Not really a type of coffee bean but instead a style of preparation, Turkish coffee is produced by boiling extremely finely powdered coffee inside a pot. Unlike typical coffee brewing, no filter can be used. This produces a much stronger than normal taste, even stronger than espresso. Although coffee is very finely ground, there will probably nevertheless be dregs found in the bottom with the cup. It is often sugared to cancel out the noticeably bitter taste.

Blended coffees
Not coffees simply made by combining different beans, but coffees combined with teas, spices,chocolate, or even fruit extracts. These exotic brews open up coffee to a wide selection of flavors not ordinarily linked to the drink. Experienced baristas can cause concoctions with such names including pina colada coffee, peppermint spice mocha, or creme brulee roast.

Regular coffee will be commonplace drink and rightly so. However, the many types of coffee open to the coffee drinker makes sure that there's a brew for each and every taste.

Saturday, 3 November 2012

Some interesting coffee facts

We listed some remarkable facts about coffee on this page.
Coffee Trivia
  • When shopping for perfume, take some coffee with you in your bag and have a good sniff in between smelling each perfume to refresh your nose!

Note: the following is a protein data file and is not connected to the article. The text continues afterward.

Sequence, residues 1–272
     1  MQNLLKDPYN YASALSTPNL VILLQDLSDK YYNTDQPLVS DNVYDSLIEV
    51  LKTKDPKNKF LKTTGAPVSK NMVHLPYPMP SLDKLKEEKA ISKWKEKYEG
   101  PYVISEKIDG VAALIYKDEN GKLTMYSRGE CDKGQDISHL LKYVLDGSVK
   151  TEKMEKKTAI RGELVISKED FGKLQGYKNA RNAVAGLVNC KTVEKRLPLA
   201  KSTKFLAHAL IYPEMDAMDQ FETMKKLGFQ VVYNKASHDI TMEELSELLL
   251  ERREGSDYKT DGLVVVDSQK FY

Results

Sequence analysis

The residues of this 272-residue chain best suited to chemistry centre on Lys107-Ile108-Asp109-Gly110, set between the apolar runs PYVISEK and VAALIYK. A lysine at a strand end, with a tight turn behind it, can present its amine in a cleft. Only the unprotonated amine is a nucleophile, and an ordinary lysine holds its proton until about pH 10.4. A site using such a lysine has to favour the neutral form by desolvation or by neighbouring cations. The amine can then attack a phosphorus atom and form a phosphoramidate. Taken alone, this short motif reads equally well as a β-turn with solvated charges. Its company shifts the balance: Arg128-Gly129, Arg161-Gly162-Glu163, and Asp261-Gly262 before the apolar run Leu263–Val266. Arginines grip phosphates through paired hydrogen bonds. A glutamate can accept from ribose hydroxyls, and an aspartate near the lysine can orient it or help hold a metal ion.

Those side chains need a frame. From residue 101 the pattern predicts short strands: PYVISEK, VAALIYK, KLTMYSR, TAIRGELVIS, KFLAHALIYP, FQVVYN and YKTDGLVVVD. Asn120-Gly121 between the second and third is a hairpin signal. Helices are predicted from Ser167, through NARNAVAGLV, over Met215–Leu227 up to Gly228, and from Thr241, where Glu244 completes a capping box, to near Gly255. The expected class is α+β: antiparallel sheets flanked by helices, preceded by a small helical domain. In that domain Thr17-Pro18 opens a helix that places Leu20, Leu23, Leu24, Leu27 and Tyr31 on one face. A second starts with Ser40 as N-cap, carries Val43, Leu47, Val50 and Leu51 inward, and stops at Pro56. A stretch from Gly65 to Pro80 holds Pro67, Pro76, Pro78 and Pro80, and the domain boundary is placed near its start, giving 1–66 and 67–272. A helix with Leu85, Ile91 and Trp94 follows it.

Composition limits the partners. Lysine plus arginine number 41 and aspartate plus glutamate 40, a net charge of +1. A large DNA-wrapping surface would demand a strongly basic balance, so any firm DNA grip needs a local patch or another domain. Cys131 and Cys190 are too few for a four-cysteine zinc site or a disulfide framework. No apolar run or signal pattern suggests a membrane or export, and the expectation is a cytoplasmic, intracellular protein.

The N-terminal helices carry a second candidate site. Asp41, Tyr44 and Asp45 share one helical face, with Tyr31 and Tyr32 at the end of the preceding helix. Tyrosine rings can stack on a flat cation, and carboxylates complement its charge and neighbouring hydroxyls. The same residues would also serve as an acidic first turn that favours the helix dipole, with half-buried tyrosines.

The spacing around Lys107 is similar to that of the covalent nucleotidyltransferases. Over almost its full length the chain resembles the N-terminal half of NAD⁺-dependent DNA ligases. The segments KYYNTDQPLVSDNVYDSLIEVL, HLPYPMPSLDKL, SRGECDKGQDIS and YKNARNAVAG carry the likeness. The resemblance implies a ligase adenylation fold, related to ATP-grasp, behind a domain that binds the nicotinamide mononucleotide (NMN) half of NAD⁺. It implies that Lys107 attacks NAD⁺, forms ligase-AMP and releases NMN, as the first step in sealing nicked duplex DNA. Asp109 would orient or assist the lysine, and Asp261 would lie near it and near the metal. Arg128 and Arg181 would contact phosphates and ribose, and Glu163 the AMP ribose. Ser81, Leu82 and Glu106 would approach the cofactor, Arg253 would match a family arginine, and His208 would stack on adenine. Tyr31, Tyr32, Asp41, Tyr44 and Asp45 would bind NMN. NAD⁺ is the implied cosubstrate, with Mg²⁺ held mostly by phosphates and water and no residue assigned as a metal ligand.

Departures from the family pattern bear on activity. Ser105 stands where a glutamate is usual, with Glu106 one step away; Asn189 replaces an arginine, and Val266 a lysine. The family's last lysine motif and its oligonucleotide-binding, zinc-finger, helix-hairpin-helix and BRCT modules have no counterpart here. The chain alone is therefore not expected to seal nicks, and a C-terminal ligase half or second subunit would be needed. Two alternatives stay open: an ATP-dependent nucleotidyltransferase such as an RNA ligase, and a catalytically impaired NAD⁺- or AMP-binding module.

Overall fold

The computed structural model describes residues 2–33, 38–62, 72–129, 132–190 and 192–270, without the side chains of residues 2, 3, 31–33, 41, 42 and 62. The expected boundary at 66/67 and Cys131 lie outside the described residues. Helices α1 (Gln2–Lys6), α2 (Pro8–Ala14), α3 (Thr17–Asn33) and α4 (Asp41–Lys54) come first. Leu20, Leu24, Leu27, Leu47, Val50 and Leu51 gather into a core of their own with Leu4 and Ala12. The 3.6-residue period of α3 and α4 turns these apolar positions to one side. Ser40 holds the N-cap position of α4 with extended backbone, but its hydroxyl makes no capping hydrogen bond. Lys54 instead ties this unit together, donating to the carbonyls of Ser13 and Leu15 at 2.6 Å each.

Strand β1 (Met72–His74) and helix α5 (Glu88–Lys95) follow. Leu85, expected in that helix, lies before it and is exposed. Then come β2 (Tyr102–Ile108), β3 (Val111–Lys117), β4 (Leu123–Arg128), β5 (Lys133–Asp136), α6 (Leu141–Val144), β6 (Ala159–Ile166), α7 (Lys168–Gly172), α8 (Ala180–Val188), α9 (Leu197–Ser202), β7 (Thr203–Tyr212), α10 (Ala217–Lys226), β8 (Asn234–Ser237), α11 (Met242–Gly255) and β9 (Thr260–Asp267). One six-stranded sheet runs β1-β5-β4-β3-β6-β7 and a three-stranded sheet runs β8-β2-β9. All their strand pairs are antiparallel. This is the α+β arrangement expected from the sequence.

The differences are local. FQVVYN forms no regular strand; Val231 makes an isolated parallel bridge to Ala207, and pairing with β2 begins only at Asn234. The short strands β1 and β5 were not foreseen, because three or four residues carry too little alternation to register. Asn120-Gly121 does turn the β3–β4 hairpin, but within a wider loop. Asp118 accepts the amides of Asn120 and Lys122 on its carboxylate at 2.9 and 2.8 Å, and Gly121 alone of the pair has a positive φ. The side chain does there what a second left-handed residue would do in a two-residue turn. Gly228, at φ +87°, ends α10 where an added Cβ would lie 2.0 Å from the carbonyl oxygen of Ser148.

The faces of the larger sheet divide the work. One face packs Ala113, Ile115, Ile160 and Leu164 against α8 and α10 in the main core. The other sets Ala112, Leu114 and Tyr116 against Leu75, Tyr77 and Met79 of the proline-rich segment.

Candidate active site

• Sprinkle spent coffee grounds around the base of your garden plants and it will stop snails and slugs from munching them!
  • A mixture of coffee grounds and sugar, fed to a pot plant and watered regularly, will revive houseplants that have turned yellow in winter.
  • Some of the worlds most powerful business, including Lloyds of London and the New York Stock Exchange, started life as a coffee houses.
  • In December 2001 Brazil produced a scented postage stamp to promote its coffee - the smell should last between 3 and 5 years. 
  • Vincent Van Gogh was a big frequenter of the café society and famously said “I have tried to show the café as a place where one can go mad.”
  • Pope Clement VIII loved coffee and authorised its use.
  • Revolutions have been planned in coffee houses, namely the French and the American Revolutions.
  • At the end of the 16th century records show there were at least 500 cafes in Istanbul alone. The first European cafes were opened by immigrants from Asia around 1650.
  • A coffee tree has a lifespan of about 50 to 70 years.
  • The coffee cherries turn from yellow to orange and then bright red, 6 - 8 months after flowering.
  • When it is in bloom, the coffee tree is covered with 30,000 white flowers which begin to develop into fruit after 24 - 36 hours.
  • A coffee tree can flower eight times in any one year - depending on rainfall.
  • There are 900 different flavours of arabica. Complex and very volatile, they deteriorate if exposed to air and light.
  • The aromas in coffee develop at the 10th minute of roasting.
  • Coffee increases in volume during roasting by 18.60%.